How insurers can make transparency tools more consumer-friendly

To make transparency tools more useful for their members and the public, health plans may want to consider narrowing down how many quality measures they rely on and making other consumer-friendly changes, according to an article from Employee Benefit News.

The need for transparency is greater than ever, as the considerable cost variation for procedures can have negative financial consequences for both individuals and employers, as well as have serious implications for the sustainability of a U.S. healthcare system. Price transparency tools are particularly important to insurers because they can help lower procedures' market price.

But among consumers there's limited uptake for price and quality transparency tools available from insurers, in part because this information is difficult to understand, Elizabeth Mitchell, president and CEO of the Network for Regional Healthcare Improvement, tells the publication. 

Indeed, while about 90 percent of insurers submit data to the Department of Health and Human Services' Healthcare Effectiveness Data and Information Set, the 71 measures it includes may be too many, according to the article. What's really needed, Mitchell says, is "a small set of really high impact quality measures that everyone agrees are most important."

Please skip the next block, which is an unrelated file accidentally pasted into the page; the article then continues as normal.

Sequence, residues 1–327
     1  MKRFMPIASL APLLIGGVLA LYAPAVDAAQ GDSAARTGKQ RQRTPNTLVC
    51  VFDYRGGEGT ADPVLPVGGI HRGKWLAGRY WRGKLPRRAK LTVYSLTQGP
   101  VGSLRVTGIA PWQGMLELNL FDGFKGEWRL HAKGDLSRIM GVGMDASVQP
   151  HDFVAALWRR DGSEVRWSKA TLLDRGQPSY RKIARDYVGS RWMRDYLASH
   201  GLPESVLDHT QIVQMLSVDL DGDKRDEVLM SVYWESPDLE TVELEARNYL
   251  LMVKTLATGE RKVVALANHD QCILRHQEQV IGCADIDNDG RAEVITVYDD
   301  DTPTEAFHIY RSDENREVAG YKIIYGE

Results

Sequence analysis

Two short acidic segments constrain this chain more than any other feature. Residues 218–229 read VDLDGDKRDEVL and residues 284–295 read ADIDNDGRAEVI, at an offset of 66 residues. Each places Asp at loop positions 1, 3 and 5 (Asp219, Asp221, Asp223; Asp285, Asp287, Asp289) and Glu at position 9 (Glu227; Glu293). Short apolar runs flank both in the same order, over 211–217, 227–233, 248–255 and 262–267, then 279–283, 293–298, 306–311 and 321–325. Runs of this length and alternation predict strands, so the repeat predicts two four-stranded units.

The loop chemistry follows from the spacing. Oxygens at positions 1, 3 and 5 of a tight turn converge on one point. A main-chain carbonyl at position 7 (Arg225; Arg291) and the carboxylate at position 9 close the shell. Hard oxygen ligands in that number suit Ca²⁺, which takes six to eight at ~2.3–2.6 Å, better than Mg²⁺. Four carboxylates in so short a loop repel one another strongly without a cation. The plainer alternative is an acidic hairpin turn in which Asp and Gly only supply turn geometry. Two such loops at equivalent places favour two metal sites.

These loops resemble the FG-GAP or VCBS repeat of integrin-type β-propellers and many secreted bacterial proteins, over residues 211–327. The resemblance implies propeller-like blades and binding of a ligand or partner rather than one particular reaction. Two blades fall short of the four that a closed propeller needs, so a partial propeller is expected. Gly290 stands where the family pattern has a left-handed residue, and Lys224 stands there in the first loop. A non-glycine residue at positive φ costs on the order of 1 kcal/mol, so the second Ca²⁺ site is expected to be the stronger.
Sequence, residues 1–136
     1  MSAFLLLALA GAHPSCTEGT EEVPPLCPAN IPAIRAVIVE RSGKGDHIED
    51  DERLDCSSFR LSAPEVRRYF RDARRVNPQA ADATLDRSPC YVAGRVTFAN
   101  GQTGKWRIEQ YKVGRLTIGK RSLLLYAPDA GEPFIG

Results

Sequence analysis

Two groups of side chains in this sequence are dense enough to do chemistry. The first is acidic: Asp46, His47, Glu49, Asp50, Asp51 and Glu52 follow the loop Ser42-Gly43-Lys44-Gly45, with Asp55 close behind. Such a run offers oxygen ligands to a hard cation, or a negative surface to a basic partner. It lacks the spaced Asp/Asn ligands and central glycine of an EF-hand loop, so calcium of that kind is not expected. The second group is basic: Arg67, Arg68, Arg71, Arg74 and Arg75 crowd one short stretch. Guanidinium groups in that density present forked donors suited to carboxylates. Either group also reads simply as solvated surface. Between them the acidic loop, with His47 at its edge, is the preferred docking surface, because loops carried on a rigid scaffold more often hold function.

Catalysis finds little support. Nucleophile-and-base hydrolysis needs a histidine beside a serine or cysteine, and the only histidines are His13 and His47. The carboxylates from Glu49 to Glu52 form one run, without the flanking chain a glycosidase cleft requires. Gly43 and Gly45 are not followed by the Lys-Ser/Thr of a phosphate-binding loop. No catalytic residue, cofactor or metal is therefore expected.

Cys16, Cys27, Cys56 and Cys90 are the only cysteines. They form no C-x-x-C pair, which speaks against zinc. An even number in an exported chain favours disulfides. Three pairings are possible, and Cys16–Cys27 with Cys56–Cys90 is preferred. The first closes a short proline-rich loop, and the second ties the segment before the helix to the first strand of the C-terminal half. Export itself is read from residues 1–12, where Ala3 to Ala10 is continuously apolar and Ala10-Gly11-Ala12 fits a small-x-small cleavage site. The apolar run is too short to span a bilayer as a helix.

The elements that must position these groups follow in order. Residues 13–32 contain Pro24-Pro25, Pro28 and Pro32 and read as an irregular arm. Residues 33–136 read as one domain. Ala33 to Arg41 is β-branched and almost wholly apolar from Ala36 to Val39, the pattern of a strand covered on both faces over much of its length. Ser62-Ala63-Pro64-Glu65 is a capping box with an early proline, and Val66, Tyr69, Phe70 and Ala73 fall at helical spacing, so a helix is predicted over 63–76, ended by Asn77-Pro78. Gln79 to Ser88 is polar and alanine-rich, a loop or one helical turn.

Rick Gundling, the vice president of healthcare financial practices for the Healthcare Financial Management Association, goes further, telling Employee Benefit News that the list should consist of five domains of care most important to patients.

The article also suggests that health plans should widen access to their data to more than just their members--in particular, they should include physicians as key stakeholders. They also may want to establish a consumer review platform where patients can give honest feedback about procedure costs and quality of care for other patients to access.

To learn more:
- read the article

Suggested Articles

A new CMS report estimates that premiums for the second-cheapest silver tier plan will decline by 2% on HealthCare.gov next year.

Premiums on the ACA's exchanges for 2021 are expected to rise by about 1% as insurers struggle to figure out the impact of COVID-19, KFF report finds.

​​​​​​Global healthcare funding soared in the third quarter, hitting a new record of $22 billion. Digital health investments also reached new heights.